Tuesday, 31 January 2017

The Wentworth Follies

A view of Hoober Stand

In addition to the fine examples of Georgian architecture seen at Wentworth Woodhouse, the Stable Block and various houses in the village of Wentworth, the Wentworth Estate is also well known for its follies and monuments, which are scattered around its parkland.

A detail of Hoober Stand
Of those that I have visited, it is the views from Hoober Stand - a pyramidal tower built in 1747-8 - that have impressed me most and, although I only took a very quick look at the exterior of the structure, the Carboniferous sandstone used here weathers to a very distinctive texture, with the cross-bedding structures being differentially eroded.

Weathering of Carboniferous sandstone at the base of Hoober Stand

It's location on the second highest point in the borough of Rotherham - although only 157 metres above sea level - has fully exposed it to the industrial pollutants from Sheffield and Rotherham and the gritty buff coloured Carboniferous sandstone, used to replace whole blocks, stands out from the blackened original masonry.

A general view of the Rockingham Mausoleum

I visited the Rockingham Mausoleum very briefly a few years ago, on a very gloomy day, and I didn't see it in its best light, but I was interested to see that the fine quality ashlar – which is a different sandstone to that used for Hoober Stand – was extremely black and that various samples of stone cleaning had been carried out and also that drill cores had been taken.

Cleaning samples and drill cores at the Rockingham Mausoleum

According to a conversation that I previously had with the Estate Manager, linseed oil had once been applied as a stone preservative and has proved extremely difficult to remove ever since, although I have not further investigated the cleaning techniques that were tried.

The Needle's Eye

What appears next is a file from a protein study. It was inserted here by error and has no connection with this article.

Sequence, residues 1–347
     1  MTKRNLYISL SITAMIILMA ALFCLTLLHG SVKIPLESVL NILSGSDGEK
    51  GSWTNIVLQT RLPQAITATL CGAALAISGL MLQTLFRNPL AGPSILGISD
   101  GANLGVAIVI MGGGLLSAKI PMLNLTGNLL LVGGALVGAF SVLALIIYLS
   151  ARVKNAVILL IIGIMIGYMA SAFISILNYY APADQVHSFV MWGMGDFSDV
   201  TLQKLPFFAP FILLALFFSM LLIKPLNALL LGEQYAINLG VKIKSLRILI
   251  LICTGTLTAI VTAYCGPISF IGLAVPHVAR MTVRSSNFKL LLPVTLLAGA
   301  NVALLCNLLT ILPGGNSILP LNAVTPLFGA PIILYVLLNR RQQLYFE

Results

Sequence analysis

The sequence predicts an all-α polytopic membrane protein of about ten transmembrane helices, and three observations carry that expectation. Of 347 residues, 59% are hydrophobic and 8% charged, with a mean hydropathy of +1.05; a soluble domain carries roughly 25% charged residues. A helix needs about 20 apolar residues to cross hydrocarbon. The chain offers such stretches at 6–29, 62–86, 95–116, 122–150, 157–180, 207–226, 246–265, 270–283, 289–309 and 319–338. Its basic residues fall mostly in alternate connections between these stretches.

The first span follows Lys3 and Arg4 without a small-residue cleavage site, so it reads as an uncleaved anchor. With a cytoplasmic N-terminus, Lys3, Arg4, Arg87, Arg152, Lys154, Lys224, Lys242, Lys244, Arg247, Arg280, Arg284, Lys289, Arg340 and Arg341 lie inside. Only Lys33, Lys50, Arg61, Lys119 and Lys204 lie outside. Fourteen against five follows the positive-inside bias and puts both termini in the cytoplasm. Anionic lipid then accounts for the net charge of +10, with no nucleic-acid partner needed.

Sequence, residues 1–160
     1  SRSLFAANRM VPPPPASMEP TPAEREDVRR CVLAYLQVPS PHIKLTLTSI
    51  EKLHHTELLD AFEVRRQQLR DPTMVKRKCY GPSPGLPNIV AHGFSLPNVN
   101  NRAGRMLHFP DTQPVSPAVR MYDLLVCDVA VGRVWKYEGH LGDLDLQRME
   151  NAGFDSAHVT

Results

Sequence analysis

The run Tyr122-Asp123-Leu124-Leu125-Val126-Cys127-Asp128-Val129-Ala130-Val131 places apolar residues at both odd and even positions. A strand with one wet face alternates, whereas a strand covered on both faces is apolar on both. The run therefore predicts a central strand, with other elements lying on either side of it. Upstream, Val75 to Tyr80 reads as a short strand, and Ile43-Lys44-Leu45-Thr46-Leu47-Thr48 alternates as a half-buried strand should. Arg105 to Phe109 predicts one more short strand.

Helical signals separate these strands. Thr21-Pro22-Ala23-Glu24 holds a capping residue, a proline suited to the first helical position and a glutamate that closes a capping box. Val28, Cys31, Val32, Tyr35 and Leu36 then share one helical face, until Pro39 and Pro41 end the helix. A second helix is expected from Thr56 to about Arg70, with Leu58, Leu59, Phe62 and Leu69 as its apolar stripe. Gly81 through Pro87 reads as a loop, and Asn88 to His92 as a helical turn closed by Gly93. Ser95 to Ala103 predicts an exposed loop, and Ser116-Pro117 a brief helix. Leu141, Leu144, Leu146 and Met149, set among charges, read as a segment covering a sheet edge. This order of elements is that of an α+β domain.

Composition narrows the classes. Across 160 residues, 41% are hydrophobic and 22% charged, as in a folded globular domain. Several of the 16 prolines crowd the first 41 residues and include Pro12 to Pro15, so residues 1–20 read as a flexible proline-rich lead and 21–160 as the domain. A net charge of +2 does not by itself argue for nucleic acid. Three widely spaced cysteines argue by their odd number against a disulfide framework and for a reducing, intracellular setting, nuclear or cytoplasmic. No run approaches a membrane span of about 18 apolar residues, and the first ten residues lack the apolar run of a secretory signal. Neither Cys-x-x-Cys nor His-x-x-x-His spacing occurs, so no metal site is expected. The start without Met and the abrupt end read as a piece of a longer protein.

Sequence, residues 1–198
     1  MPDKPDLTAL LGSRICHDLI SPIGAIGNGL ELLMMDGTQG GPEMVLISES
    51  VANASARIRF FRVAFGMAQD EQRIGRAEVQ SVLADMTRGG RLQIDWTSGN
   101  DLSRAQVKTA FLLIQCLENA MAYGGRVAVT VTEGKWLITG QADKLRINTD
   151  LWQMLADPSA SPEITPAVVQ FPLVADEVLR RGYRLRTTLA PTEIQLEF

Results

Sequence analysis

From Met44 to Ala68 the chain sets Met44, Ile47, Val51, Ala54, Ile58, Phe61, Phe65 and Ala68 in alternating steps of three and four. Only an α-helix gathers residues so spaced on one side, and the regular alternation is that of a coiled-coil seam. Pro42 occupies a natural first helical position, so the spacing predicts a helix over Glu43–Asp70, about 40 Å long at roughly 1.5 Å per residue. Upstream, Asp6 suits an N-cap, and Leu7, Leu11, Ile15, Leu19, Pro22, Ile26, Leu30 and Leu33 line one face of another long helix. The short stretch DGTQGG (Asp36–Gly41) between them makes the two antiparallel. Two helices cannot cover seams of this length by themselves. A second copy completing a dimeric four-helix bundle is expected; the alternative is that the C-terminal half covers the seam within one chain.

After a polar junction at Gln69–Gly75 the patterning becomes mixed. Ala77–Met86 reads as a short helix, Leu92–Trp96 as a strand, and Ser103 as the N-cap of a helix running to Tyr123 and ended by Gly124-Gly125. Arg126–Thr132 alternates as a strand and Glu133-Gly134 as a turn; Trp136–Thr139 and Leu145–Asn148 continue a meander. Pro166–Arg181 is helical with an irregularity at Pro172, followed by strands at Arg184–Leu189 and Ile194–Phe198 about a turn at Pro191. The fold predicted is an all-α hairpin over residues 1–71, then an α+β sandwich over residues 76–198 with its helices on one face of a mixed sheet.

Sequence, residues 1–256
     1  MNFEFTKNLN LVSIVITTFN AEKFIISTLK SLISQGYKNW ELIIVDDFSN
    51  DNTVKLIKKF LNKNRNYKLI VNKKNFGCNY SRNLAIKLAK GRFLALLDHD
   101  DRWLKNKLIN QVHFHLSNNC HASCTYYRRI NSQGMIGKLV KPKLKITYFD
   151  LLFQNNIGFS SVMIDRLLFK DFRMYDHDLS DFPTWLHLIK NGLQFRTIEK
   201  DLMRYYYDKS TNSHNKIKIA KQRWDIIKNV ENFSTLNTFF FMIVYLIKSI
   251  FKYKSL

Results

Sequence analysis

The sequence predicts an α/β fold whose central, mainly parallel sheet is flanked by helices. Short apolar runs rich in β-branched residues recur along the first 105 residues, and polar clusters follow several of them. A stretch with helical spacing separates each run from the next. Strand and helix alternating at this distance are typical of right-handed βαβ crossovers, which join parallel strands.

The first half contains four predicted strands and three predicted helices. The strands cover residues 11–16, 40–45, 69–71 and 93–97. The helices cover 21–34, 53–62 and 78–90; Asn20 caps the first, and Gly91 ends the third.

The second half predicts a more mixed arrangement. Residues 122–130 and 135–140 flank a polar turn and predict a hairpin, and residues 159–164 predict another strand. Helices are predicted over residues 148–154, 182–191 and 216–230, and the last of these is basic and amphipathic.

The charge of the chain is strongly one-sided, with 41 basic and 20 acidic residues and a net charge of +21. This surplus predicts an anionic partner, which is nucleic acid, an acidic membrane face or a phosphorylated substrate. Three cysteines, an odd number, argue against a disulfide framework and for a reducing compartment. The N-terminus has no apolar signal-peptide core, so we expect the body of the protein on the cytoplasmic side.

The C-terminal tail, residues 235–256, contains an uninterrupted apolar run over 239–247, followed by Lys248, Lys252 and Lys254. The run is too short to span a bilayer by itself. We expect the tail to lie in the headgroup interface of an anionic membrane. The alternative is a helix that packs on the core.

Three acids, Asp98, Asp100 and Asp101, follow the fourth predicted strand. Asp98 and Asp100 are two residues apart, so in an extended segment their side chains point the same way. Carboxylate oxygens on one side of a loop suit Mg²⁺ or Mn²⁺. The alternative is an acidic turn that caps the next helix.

The Needle's Eye has been cleaned since I visited it seven years ago and photos show that the stonework is now very bright, and I am assuming that the blackening of the stonework was not exacerbated by a similar application of linseed oil. At the time, I was more interested in the condition of the sandstone used to line the interior of the arch, which had been scoured away due to the tunnelling effect of wind passing through the arch over the years and which had selectively eroded the softer, fine grained beds to leave a texture similar to that seen at Hoober Stand.

Weathering of Carboniferous sandstone at the Needle's Eye

The Doric Lodge is one of the lodge houses that are scattered around the estate and, although I have driven past it many times and briefly noted its fine ashlar masonry and its pediment and fluted columns, I spent only a couple of minutes there to take a few record photos as, being occupied, I didn't want to invade the resident's privacy.

The Doric Lodge

Keppel's Column is the only one of the Wentworth Follies that is not owned by the Wentworth Estate and, at 35 metres high, is the tallest; however, although designed with an entasis, the column was not extended to its original height for reason of its cost; however, without the necessary weight of stone above to hold this part of the column in place – the outer skin of masonry has become detached and a stainless steel girdle has surrounded it for many years.

Keppel's Column

The Rotherham District Civic Society, among many others, have long since bemoaned the lack of interest that Rotherham MBC appear to have in this fantastic monument, where the views from its top must be incredible, and although there are structural problems and a project like this is not cheap, it is not beyond repair and there is a consensus of opinion that – in any other place – its tourist potential would have been recognised and it would have been restored years ago.

Architectural drawings of Keppel's Column

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